As I entered the monastic site, there was a beautiful double archway that once had a roof on it (ages ago!). Inside the archway was a barely visible cross inscribed on the wall. The ruined buildings were put up sometime in the 10th – 12th centuries, and now there were no roofs left on them for the most part. Broken stone arches reached out toward the blue skies. Moss and lichen crept over the stones, with some snake-like ivy pushing insistently between the rooms and doorways. There were several buildings left, including many smaller churches and houses for the former monastery priests.

The round tower was an interesting feature I saw at St. Canice’s in Kilkenny and also here. It was constructed sometime in the 900s or 1000s, and in this case, it was used for look-outs, a bell tower, and storage. It was also said to be a place of safety during an attack, as the door was off the ground (12 feet up) and should protect the people reasonably inside.

I could see issues with this though – with all the pillaging that was sure to go on during a raid, wouldn’t the raiders just burn down the door … and burn up everything inside a round tower? In my mind, this wouldn’t be very safe with all the wood around and no fire extinguishers as required by insurance companies today.

I could see these towers serving as a notice of sorts to people coming to visit the monastery – the pilgrims of yesteryear. I’m sure there was an assortment of people worthy of The Canterbury Tales coming to visit on a regular basis. Use as a bell tower would seem much more likely rather than as a shelter from Viking hordes. Meh. However it was used, it still stands today, the cornice top having been replaced after being struck by lightning.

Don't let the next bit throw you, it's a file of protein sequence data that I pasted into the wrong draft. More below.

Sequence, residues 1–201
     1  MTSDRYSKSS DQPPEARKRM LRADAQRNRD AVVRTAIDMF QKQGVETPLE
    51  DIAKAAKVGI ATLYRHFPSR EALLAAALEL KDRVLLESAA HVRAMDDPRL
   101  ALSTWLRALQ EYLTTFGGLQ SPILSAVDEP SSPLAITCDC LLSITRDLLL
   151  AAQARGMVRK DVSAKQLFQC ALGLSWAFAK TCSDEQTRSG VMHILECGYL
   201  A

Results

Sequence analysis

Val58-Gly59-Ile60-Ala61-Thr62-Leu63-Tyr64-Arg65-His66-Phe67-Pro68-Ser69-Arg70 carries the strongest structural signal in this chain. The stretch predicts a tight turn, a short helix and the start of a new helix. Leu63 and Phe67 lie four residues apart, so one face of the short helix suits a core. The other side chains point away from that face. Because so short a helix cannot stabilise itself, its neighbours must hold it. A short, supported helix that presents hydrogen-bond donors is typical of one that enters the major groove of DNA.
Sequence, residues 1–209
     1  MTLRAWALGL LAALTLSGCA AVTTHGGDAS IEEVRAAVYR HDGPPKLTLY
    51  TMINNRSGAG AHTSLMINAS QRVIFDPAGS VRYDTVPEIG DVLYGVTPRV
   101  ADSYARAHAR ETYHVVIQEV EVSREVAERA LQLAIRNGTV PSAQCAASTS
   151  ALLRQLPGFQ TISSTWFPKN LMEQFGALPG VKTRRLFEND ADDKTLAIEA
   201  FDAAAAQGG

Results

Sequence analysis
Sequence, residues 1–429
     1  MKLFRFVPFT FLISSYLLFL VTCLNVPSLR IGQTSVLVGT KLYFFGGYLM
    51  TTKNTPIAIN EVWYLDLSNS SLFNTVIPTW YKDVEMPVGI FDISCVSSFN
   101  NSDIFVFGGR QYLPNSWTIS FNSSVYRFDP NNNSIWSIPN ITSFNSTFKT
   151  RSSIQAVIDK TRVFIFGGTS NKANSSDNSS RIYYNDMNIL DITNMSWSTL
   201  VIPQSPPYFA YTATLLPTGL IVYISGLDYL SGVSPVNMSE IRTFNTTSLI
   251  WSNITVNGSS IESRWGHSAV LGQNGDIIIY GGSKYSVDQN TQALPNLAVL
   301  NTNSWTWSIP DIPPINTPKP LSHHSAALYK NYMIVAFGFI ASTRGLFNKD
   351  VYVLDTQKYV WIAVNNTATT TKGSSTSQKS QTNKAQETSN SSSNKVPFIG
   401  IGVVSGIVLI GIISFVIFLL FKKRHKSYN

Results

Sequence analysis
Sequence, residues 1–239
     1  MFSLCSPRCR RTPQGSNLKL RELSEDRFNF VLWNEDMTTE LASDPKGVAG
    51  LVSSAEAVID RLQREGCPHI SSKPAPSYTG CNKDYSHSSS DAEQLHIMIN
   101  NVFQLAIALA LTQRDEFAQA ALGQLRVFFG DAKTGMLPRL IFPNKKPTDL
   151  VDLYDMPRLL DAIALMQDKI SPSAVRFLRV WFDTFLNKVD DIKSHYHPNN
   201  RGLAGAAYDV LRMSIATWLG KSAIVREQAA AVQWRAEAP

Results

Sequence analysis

The cemetery was a worthy walk through. Spend time in there. A lot of time. It was beautiful on its own – the names, the carvings, the lives of people who came and went. I remembered visiting the Catacombs in Paris and thinking how crazy it was that we spend all of our lives primping and pruning our appearances … only to just look the same for eternity in death.

Alright, after processing these morbid (albeit true) thoughts, I walked part of the way to one of the lakes, but I didn’t have enough time to make it there and back before having to head out on the bus. That was a limit to being on the tour bus – you didn’t always get to spend as much time in certain places as you’d like!

Instead, I sat at the cafe with my mum and aunt, enjoying a cappuccino and a bowl of Eton Mess. Nothing like cream, strawberries, and broken meringue to set the day to rights! As it was, Glendalough turned out to be my favourite stop on this tour, even before the caffeine of the cappuccino worked its magic on my flagging energy.

After leaving the gorgeous greenery of Glendalough, we made one more stop – to a sheep farm to watch the sheep-herding demonstration with the beautiful border collies. I love border collies. My dog growing up was a blue merle – a dog that looked like a border collie with the markings and colouring of a Sheltie. She was a breed of herding dog. The border collies at the sheep farm looked and acted just like her, and it brought back all the memories of her beautiful spirit.

The farmer demonstrated the various whistles and calls he makes to help the dog herd in the sheep. He was in the process of training up a puppy as well, and the puppy definitely stole the show with his antics. The herding was instinctual – as was his rolling about and hamming it up to the crowds of people watching.

It had been a long day, and I nearly fell asleep on the bus on the way back to Dublin. However, given the chance, I’d definitely spend more time in these places. Glendalough alone should be a day and Kilkenny a few days.

My favourite picture from Glendalough – a raven settled on a cross as I walked through the grounds. With a bit of black & white magic, it looks a bit like a scene from a suspenseful film.

Ireland is a country to enjoy slowly, I feel. Time there isn’t about rushing around. It’s about quality. It’s about savoring, like a long, slow pour of Guinness. It’s nothing that should be rushed, and it needs time to settle on you before enjoying it to its fullest potential.